50. Been to the top of the Eiffel Tower in Paris
51. Gone scuba diving or snorkeling
52. Kissed in the rain
53. Played in the mud
54. Gone to a drive-in theater
55. Been in a movie
56. Visited the Great Wall of China
57. Started a business
58. Taken a martial arts class
59. Visited Russia
60. Served at a soup kitchen
61. Sold Girl Scout Cookies
62. Gone whale watching
63. Got flowers for no reason
64. Donated blood, platelets or plasma
65. Gone sky diving
66. Visited a Nazi Concentration Camp
67. Bounced a check
68. Flown in a helicopter
69. Saved a favorite childhood toy
70. Visited the Lincoln Memorial
71. Eaten Caviar
72. Pieced a quilt
73. Stood in Times Square
74. Toured the Everglades
75. Been fired from a job
76. Seen the Changing of the Guards in London
77. Broken a bone
78. Been on a speeding motorcycle
79. Seen the Grand Canyon in person
80. Published a book
81. Visited the Vatican
82. Bought a brand new car
83. Walked in Jerusalem
84. Had your picture in the newspaper
85. Read the entire Bible
86. Visited the White House
87. Killed and prepared an animal for eating
88. Had chickenpox
89. Saved someone’s life
90. Sat on a jury
91. Met someone famous
92. Joined a book club
93. Lost a loved one
94. Had a baby
95. Seen the Alamo in person
96. Swam in the Great Salt Lake
97. Been involved in a law suit
98. Owned a cell phone
99. Been stung by a bee
Saturday, November 22, 2008
- If you like the Pioneer Woman's recipe site, this one is worth checking out. Meet Kay, who lives in the Netherlands, and likes to cool. Yum.
- These stuffed dachshunds. How cute are they!
- Cute, cute, cute downloadable party invitations.
- Downloadable holiday list notepad. Other freebies in this same series: stickers & tags, holiday papers 1 & 2.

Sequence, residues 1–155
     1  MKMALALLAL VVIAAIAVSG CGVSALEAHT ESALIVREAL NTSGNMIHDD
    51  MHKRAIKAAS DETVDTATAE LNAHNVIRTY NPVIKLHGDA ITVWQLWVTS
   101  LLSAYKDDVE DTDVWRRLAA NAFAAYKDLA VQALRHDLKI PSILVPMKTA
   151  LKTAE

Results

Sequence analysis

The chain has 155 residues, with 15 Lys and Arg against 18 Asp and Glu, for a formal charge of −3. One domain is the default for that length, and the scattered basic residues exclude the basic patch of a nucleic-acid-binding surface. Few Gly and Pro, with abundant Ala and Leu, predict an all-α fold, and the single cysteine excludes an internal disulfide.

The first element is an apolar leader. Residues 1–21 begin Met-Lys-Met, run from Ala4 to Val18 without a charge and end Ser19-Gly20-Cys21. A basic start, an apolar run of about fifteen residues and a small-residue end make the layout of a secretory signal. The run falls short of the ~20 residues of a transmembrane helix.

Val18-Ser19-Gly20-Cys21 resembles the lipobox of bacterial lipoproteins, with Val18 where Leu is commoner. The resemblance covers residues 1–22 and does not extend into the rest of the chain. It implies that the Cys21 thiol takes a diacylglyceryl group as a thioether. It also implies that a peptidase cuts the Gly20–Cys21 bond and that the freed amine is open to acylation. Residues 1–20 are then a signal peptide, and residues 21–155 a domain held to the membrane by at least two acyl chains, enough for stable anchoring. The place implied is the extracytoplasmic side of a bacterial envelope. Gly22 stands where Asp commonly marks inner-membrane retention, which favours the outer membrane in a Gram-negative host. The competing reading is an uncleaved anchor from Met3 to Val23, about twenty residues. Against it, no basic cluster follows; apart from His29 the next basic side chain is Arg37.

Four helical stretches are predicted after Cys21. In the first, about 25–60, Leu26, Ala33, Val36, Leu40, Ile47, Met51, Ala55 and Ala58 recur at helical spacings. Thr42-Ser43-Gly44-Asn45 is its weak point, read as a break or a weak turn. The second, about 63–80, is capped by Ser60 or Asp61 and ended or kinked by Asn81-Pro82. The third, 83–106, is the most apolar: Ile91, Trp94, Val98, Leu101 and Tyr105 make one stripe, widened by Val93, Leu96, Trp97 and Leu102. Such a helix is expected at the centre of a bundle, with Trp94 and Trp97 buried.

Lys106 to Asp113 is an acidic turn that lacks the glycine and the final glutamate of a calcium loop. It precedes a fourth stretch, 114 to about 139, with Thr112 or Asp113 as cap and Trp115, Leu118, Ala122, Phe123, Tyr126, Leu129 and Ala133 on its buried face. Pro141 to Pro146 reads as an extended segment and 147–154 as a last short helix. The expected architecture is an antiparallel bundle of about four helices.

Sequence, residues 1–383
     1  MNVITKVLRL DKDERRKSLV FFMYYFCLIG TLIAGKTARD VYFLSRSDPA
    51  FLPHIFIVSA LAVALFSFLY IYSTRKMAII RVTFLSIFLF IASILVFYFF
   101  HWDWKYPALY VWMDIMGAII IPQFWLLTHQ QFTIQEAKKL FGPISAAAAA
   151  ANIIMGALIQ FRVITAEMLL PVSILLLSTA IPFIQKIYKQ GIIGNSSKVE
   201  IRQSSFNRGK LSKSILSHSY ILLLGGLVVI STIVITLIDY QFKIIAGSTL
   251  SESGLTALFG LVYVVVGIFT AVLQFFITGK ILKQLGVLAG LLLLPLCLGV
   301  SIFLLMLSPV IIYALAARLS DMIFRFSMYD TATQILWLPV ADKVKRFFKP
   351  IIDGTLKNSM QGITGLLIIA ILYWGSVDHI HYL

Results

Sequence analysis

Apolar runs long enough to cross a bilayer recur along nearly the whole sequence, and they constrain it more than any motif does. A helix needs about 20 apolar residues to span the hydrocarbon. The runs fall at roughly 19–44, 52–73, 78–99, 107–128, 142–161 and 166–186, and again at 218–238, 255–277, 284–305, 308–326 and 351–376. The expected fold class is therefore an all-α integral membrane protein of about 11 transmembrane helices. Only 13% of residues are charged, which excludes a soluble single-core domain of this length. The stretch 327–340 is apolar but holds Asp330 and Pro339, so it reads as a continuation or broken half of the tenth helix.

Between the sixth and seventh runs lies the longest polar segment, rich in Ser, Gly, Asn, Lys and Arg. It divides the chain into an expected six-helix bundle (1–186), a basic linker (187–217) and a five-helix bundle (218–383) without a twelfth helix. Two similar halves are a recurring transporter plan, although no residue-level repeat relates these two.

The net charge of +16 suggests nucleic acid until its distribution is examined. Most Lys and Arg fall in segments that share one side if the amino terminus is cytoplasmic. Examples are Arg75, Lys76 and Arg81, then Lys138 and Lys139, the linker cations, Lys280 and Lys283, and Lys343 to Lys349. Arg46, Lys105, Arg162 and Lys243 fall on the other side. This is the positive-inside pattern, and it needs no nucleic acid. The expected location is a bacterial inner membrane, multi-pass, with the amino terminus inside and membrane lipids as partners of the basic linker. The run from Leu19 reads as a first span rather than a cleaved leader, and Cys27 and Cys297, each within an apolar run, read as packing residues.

- Sally Clarkson writing on lonliness ... I needed this one this week.
Friday, November 21, 2008
Things that make me happy…
• A cold house in the morning (makes my coffee that much yummier). :)
• Inter-library loan. (I fuss about my small library, but they came through for me on the Christmas books. We will have all sorts of holiday goodness to pick up on Monday!)
• Chapstick and handlotion. Especially for this time of year when everything is so dry. (My favorite chapstick … the classic mint with spf 15. You can get a free sample here if you pay the shipping.)
• Sweet potatoes. Warm and yummy.
• And soup. Thinking about a big batch of potato soup today as I have a plethora of milk!
• This picture:
• Putting together a box of holiday goodies. For one of you. As a thank you (and to tempt you into delurking.) Come back Monday for details! :)
And, to link up your Friday Felicities, head over to Bedky’s!
Thursday, November 20, 2008
Wednesday, November 19, 2008
Tuesday, November 18, 2008
When the Pilgrims embarked on their legendary Mayflower voyage in 1620, they couldn't predict what lay ahead of them. In search of religious freedom and a new life, the settlers faced hardships including harsh storms, illness, and unfamiliar terrain. Thanks to their natural perseverance and the help of their neighbor Indians, the Pilgrims survived their first year. And when the harvest the next fall was plentiful, the Pilgrims and the Indians joined together in a three-day celebration, the first Thanksgiving. (from Amazon.com).
I have enjoyed adding this book to our Thanksgiving library here at home. One thing I really appreciate about the book … there is no tiptoeing around the fact that God was an integral part in the lives of the early settlers. Several times throughout the story, the words “thanks be to God…” are woven into the poem. It is clear that the pilgrims gave all honor and glory to God as the one that was their strength and guide while on the Mayflower and the one who protected their lives through the first hard winter.